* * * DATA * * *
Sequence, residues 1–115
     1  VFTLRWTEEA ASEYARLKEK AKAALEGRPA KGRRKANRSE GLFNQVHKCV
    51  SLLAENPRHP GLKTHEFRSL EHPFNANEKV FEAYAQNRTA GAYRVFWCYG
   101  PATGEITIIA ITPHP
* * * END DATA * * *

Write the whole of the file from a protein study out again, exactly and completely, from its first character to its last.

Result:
Sequence, residues 1–115
     1  VFTLRWTEEA ASEYARLKEK AKAALEGRPA KGRRKANRSE GLFNQVHKCV
    51  SLLAENPRHP GLKTHEFRSL EHPFNANEKV FEAYAQNRTA GAYRVFWCYG
   101  PATGEITIIA ITPHP